PAMPLONA, Spain — Four thrill-seekers were treated for cuts and bruises but no one was gored as thousands of runners packed the streets of Pamplona for the San Fermin festival Saturday, eager to share in the adrenaline-fueled experience of this year’s final running of the bulls.
Doctor Ignacio Iribarren, a spokesman for Pamplona’s Navarra hospital, said only four runners had been admitted for treatment — two with head concussions, and two with arm and leg injuries.
Television images broadcast nationally showed runners being brushed aside and knocked over by bulls, their horns missing them by inches as they thundered down the city’s narrow cobble-stone streets.
A Navarre government statement said three of those injured were Spaniards, and a fourth — suffering concussion — was a 28-year-old Irish national.
One runner had a lucky escape when he sprung to his feet — having been knocked down by the leading bull — only to find himself just in front of the following pack. Experienced runners, who are known as “los divinos” — the divine ones — for their ability to survive such close brushes with death, generally agree that standing in front of charging bulls is something that should never be done.
In 1995, a 22-year-old American, Matthew Tassio, fell, and rather than remaining curled up on the ground while the pack passed over, stood up and faced the animals. A bull’s horn struck him in the chest, killing him.
Once the bulls reached the bullring Saturday, a daredevil rushed from the crowd to meet one of them as it headed to internal stables, only for him to be knocked over and head-butted by the bull as the watching crowd shrieked in horror. A cape-waving attendant swiftly intervened, saving him from further tragedy by distracting the bull’s attention and leading it away.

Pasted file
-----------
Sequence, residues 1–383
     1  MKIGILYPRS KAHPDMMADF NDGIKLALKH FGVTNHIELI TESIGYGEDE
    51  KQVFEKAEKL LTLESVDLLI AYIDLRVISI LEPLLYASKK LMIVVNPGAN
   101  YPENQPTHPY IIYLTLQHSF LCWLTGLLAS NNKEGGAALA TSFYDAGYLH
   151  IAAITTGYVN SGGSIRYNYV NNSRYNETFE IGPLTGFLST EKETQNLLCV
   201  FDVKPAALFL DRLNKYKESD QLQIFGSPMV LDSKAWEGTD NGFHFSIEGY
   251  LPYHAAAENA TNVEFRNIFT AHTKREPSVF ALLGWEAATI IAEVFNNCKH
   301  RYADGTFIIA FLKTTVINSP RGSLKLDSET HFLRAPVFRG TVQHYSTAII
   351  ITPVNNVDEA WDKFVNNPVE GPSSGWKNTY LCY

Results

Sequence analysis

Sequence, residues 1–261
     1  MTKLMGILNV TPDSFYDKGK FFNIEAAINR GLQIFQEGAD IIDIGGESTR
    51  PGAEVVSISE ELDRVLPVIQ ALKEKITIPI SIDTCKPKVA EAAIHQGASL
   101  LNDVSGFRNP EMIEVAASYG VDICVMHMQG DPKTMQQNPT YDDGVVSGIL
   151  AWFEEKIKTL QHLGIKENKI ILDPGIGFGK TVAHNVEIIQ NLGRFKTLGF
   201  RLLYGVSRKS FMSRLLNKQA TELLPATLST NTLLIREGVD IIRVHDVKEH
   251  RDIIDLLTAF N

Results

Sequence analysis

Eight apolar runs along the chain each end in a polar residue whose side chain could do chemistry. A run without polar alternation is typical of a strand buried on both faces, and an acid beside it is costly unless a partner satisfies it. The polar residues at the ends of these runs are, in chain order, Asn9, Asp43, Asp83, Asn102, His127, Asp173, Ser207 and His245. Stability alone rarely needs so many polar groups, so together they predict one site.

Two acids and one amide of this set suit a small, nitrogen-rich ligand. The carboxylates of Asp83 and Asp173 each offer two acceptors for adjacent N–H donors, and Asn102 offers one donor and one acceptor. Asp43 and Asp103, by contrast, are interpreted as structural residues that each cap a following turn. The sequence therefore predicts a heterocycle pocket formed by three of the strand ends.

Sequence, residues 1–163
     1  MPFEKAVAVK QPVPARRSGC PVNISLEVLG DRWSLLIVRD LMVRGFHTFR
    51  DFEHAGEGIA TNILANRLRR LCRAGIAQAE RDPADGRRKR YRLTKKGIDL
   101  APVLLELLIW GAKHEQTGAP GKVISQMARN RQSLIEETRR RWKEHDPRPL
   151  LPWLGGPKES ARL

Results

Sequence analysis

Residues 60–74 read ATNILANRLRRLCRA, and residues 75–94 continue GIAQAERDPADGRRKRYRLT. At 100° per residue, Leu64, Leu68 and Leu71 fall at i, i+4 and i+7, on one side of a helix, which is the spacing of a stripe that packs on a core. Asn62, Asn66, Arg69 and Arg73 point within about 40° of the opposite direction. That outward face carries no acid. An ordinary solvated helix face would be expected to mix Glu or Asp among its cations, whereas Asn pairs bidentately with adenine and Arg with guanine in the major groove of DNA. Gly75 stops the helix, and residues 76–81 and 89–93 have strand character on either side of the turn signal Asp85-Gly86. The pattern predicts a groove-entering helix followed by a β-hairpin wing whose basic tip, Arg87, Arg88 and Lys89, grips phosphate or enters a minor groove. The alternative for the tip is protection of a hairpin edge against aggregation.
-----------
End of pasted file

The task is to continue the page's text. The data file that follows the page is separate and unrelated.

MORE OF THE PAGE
Iribarren said this year’s San Fermin festival had been one of the safest he’d experienced, adding that only six people remained in hospital, including those admitted Saturday. Two were British men aged 20 and 29 years old, who had been gored Monday, but were “evolving favorably” and would soon be released, he said.
The run, which featured large bulls of the Torrehandilla ranch, took just two minutes and 33 seconds to cover the 928-yard course from the holding stables just outside the city walls to a central bullring. Longer runs can take well over three minutes.
The festival held annually to honor this northern city’s patron saint dates back to the late 16th century and has evolved into a nine-day celebration interspersed with all-night alcohol-fueled reveries which attract tens of thousands of foreigners, mostly from the United States, Britain and Australia.
It was immortalized in Ernest Hemingway’s novel “The Sun Also Rises” (“Fiesta” in the United Kingdom).
The bulls used in the centuries-old fiesta can weigh 1,100-pounds and have killed 15 people since record-keeping began in 1924.
The most recent death was in 2009, when a young Spaniard was gored in the neck as he tried to escape a bull by sliding feet-first under a fence separating the course from the crowd watching the run. It was the first death at San Fermin since the 1995 death of the American.
The runs take place daily until July 14 and are broadcast on state television.